Market regulator Securities and Exchange Board of India (Sebi) has started investigating last week’s technical glitches and trading halts at the National Stock Exchange of India (NSE) and the Multi Commodity Exchange Ltd (MCX), two people aware of the matter said.
“The regulator has sought a report from both the exchanges that have suffered technical glitches and trading halts for the second time within a year. Sebi will analyse the reports by the two exchanges and will respond in terms of corrective measures and actions," said one of the two people quoted above.
An email sent to a Sebi spokesperson was not answered.
NSE was forced to halt trading for around three hours at the start of 10 July last year because of technical issues. On Thursday, it’s Neat on Web (NOW) systems suffered a software shutdown during trading hours.
Normal trading was not disrupted as the members had alternative modes of connectivity during the disruptions.
A spokesperson for NSE said, “NOW is a shared CTCL system which had a temporary disruption and has been rectified on the same day and the system was up and running. NSE trading platform is completely different and functioned smoothly with full efficiency that day."
MCX suffered a trading halt in September last year and a repeat occurred on Friday when trading was halted twice. The first time, the systems halted for more than an hour at 7:12 pm and a second time at 10:11 pm. Normal trading resumed at 11 pm.
“Data integrity and other checks have been performed to satisfy and assure that there has been no impact on any of the surveillance, risk margining and any other pre or post-trade activities," said MCX but declined to comment on a specific query.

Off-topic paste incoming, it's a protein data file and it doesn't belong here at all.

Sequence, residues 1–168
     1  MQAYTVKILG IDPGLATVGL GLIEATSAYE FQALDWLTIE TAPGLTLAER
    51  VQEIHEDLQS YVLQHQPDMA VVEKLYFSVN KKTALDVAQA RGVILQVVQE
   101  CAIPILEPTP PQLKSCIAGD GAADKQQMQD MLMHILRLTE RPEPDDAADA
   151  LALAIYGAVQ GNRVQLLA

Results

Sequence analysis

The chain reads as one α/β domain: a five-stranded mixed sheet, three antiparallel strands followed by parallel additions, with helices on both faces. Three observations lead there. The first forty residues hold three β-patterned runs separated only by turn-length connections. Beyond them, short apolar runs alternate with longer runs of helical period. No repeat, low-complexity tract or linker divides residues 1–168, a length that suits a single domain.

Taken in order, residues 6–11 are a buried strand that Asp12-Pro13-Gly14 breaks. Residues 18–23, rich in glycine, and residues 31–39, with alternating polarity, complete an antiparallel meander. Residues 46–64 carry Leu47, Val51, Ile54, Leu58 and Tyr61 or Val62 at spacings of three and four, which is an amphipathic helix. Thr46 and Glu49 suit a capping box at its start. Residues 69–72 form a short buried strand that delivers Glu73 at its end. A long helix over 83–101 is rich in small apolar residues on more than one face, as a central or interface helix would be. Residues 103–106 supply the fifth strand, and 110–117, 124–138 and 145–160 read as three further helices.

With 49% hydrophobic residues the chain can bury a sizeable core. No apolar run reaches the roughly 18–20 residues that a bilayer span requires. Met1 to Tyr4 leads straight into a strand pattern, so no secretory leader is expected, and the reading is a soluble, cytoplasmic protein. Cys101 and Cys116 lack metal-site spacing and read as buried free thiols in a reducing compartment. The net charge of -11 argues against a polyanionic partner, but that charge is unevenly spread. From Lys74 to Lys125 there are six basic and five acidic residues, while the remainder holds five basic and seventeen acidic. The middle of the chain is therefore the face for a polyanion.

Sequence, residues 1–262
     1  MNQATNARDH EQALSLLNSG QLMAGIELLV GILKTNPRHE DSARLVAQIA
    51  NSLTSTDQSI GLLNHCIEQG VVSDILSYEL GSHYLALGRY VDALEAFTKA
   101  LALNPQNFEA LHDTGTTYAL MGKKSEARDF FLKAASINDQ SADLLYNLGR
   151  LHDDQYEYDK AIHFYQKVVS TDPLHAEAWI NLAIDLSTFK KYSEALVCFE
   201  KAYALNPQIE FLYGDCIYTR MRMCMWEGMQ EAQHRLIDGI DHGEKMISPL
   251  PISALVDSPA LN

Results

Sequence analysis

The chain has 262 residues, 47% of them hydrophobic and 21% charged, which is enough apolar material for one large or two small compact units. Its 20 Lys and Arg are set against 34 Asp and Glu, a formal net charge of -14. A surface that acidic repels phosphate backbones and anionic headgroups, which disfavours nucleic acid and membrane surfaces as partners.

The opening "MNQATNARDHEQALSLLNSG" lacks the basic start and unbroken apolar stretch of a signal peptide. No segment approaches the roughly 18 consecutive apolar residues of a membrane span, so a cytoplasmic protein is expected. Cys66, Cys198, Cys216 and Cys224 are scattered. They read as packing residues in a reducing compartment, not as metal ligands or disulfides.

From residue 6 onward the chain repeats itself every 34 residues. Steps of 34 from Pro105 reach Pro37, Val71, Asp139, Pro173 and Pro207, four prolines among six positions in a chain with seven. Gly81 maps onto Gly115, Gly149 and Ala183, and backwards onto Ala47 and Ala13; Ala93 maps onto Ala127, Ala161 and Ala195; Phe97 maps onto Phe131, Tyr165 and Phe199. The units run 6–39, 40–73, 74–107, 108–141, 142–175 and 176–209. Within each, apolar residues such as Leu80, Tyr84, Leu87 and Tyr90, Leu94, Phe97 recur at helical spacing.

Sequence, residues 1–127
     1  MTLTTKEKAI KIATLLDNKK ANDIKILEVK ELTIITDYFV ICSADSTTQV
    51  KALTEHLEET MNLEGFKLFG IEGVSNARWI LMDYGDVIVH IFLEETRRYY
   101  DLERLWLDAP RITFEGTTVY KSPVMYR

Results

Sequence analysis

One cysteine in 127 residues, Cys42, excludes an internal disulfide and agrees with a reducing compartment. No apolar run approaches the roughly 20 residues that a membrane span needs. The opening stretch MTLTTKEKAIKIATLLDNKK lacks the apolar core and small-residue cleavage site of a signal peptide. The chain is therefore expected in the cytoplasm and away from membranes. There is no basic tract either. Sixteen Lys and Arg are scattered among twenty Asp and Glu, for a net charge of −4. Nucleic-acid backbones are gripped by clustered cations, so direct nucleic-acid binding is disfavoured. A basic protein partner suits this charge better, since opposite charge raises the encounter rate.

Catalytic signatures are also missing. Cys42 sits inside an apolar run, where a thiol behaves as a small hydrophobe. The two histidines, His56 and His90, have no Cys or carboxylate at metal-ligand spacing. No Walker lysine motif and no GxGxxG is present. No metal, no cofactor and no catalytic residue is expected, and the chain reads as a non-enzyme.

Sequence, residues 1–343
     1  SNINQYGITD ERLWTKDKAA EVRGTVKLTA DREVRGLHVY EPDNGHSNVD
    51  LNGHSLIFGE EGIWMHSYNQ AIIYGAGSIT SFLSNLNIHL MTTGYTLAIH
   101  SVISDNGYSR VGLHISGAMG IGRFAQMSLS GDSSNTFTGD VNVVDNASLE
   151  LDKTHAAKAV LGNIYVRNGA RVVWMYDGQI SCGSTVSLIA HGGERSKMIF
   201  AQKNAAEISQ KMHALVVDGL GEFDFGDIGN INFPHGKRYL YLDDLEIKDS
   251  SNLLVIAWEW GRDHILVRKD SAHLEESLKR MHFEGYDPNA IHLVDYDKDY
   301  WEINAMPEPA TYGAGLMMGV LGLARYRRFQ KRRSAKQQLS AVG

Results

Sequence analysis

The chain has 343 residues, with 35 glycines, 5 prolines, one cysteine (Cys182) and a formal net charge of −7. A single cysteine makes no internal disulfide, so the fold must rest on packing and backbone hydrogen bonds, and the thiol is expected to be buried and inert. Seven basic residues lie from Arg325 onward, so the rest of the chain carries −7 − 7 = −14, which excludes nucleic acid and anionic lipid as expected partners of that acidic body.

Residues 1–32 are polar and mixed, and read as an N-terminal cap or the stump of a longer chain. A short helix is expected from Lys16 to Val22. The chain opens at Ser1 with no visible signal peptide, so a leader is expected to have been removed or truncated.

MCX’s preliminary analysis shows that there was some aberration in the low-level network layer but a detailed analysis of hardware and underlying operating systems is pending.
“It is the frequency of trading disruptions that is worrying. While Sebi typically has not penalised exchanges for trading disruptions, it cannot be ruled out if it causes any loss to market sanctity," said the second person quoted above.
“There is certainly a need to strengthen the monitoring system. Sebi will ensure that there is a proper monitoring of the technology being dispensed and that no investor is put at loss due to disruption," he said.
Due to malfunction at NOW, thousands of orders placed by hundreds of brokers were repeated by the system a number of times and in some cases, hundreds of times resulting into unintended trades for brokers/clients.
The Association of National Exchanges Members of India (ANMI) in a communication has even requested NSE for compensation as system fired multiple orders on its own, resulting in trades.
“It was not a breakdown of trading, rather a malfunction which resulted in firing of multiple orders resulting in trades from NSE’s NOW system," said ANMI in a communication to Sebi, a copy of which has been reviewed by Mint.
The Indian Council of Investors, an investor association, has also written to Sebi calling for unintended trades at NSE to be annulled.
“Brokers/investors should not be made to face the adverse consequences and financial loss resulting from this system malfunction of NOW," said the investor association in the letter.